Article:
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The word "wiki" means "quick" in Hawaiian, and here author and think tank CEO Tapscott (The Naked Corporation), along with research director Williams, paint in vibrant colors the quickly changing world of Internet togetherness, also known as mass or global collaboration, and what those changes mean for business and technology. Wikipedia, the online encyclopedia written, compiled, edited and re-edited by "ordinary people" is the most ubiquitous example, and its history makes remarkable reading. But also considered are lesser-known success stories of global collaboration that star Procter & Gamble, BMW, Lego and a host of software and niche companies. Problems arise when the authors indulge an outsized sense of scope-"this may be the birth of a new era, perhaps even a golden one, on par with the Italian renaissance, or the rise of Athenian democracy"-while acknowledging only reluctantly the caveats of weighty sources like Microsoft's Bill Gates. Methods for exploiting the power of collaborative production are outlined throughout, an alluring compendium of ways to throw open previously guarded intellectual property and to invite in previously unavailable ideas that hide within the populace at large. This clear and meticulously researched primer gives business leaders big leg up on mass collaboration possibilities; as such, it makes a fine next-step companion piece to James Surowiecki's 2004 bestseller The Wisdom of Crowds.
Copyright © Reed Business Information, a division of Reed Elsevier Inc. All rights reserved.
Anyone who has done even a modest amount of browsing on the Internet has probably run across Wikipedia, the user-edited online encyclopedia that now dwarfs the online version of Encyclopedia Britannica. This is the prime example of what is called the new Web, or Web 2.0, where sites such as MySpace, YouTube, Flickr, and even the Human Genome Project allow mass collaboration from participants in the online community. These open systems can produce faster and more powerful results than the traditional closed proprietary systems that have been the norm for private industry and educational institutions. Detractors claim that authentic voices are being overrun by "an anonymous tide of mass mediocrity," and private industry laments that competition from the free goods and services created by the masses compete with proprietary marketplace offerings. The most obvious example of this is Linux, the open-source operating system that has killed Microsoft in the server environment. But is this a bad thing? Tapscott thinks not; and as a proponent of peering, sharing, and open-source thinking, he has presented a clear and exciting preview of how peer innovation will change everything. David Siegfried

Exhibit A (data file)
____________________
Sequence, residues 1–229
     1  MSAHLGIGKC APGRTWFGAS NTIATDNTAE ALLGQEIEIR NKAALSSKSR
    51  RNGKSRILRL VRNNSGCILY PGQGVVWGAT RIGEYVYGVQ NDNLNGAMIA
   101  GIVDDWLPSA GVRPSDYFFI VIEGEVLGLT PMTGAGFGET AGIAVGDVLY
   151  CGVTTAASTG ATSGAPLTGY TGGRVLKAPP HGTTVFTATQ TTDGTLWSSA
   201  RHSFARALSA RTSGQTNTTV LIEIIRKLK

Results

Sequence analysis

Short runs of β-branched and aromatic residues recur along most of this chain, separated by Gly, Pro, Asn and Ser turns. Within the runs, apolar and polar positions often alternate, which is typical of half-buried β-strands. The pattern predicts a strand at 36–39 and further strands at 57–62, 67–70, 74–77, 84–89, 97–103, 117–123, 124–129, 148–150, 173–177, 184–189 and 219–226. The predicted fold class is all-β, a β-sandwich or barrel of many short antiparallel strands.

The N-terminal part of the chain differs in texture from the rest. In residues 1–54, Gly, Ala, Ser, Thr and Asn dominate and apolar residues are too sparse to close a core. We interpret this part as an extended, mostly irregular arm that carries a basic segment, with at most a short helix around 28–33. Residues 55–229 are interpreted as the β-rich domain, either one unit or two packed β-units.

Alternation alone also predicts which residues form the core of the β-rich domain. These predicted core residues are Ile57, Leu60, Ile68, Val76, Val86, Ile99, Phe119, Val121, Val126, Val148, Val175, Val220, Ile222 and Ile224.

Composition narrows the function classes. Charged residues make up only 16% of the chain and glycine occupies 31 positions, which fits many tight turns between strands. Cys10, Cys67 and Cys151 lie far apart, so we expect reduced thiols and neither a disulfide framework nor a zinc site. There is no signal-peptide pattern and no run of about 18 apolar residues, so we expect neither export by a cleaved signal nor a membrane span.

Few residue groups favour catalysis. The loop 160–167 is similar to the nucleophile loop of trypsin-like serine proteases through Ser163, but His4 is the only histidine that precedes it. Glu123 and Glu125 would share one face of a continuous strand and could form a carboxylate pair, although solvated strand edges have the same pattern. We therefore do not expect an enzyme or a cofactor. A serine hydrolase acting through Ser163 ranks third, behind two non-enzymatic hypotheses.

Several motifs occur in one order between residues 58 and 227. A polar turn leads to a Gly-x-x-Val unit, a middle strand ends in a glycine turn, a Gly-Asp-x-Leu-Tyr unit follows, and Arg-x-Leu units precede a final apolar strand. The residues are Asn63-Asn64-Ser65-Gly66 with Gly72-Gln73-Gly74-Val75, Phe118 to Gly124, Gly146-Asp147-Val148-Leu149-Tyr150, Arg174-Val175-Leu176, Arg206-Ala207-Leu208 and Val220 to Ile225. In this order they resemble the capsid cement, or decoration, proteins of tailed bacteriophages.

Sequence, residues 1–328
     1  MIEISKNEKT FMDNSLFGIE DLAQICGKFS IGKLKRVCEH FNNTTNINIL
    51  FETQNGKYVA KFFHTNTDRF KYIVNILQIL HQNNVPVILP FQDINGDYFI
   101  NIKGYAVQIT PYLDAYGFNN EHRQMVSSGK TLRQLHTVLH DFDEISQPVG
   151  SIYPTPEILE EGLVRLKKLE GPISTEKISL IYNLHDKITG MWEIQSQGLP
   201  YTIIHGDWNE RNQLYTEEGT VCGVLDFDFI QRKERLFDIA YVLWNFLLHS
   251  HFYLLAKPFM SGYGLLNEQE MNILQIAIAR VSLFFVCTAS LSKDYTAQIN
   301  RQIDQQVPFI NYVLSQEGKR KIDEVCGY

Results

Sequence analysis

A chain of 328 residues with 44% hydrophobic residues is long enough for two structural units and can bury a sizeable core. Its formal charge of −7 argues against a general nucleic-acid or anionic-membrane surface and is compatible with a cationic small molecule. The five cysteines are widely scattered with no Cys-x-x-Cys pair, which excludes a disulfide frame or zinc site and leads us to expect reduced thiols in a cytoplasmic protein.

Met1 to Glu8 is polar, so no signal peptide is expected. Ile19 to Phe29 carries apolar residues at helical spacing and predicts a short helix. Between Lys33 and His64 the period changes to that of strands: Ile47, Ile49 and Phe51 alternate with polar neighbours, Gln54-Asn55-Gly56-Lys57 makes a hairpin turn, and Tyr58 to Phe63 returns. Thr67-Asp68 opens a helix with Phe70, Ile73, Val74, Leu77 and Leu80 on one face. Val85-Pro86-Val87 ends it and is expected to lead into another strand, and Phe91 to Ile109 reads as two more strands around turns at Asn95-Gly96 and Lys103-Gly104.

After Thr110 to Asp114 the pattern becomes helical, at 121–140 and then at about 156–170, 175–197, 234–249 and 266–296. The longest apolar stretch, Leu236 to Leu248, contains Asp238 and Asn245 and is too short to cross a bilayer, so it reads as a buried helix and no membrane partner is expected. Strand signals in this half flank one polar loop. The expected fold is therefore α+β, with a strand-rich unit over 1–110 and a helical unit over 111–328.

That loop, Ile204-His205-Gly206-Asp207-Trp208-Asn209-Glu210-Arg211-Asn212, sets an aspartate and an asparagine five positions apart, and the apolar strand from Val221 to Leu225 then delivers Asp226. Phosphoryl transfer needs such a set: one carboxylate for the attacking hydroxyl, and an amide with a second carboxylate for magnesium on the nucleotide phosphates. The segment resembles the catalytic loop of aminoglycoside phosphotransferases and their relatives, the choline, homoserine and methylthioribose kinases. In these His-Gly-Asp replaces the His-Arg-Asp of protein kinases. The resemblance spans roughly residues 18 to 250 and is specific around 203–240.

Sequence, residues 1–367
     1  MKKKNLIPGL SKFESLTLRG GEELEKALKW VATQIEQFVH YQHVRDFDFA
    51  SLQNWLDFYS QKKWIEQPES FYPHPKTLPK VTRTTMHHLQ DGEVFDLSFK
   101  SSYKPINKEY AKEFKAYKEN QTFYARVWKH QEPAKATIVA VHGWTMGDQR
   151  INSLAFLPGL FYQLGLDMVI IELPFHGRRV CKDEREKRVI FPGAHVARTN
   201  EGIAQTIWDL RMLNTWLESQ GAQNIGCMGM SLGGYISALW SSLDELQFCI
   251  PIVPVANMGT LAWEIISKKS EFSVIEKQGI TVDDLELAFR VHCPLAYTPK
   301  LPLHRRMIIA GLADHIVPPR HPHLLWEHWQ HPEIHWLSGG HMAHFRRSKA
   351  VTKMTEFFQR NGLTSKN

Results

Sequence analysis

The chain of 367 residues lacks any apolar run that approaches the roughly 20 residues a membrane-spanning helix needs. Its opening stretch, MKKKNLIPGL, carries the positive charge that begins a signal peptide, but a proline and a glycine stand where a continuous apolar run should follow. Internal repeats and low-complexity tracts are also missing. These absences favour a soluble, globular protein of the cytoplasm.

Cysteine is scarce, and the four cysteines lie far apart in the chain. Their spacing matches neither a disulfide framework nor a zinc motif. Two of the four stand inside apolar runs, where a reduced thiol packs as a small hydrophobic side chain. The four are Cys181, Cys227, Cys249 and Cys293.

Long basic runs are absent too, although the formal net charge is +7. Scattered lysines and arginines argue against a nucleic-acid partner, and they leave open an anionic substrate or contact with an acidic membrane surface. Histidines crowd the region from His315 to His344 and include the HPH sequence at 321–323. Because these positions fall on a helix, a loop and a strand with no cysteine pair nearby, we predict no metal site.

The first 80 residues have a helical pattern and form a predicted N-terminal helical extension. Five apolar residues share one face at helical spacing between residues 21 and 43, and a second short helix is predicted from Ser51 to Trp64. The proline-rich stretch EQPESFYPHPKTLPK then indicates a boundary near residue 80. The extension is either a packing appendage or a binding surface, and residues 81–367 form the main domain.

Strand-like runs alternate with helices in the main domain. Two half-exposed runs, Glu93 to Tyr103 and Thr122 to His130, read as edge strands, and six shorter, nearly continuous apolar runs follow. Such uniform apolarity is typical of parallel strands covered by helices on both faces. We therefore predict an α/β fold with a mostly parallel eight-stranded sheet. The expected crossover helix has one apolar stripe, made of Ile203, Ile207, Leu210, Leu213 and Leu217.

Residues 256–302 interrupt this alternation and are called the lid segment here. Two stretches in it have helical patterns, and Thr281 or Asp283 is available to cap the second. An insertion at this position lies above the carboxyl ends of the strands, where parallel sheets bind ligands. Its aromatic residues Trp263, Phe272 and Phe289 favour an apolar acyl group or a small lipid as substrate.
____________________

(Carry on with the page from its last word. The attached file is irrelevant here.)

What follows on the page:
Copyright © American Library Association. All rights reserved
Surprisingly this book is very appropriate for today's large enterprises that would like to get some fresh, new innovative ideas from large workforces--including government... Read morePublished 1 month ago by Cynthia C Jones Shoemaker
Very cool, but as of 2014, starting to be out of date... still worth reading though.Published 8 months ago by mgshightech
Excellent book, well researched. I use references from this book all the time.Published 14 months ago by Patrick T. Stingley
This genius goes on for several hundred pages about how the intellectual property system of today is hundreds of years old. Read morePublished 15 months ago by Kent Clizbe
I purchased this book to inform myself for a project I was doing for work. It does give some great tips for collaboration, but much of it is obvious. Read morePublished 18 months ago by echo_star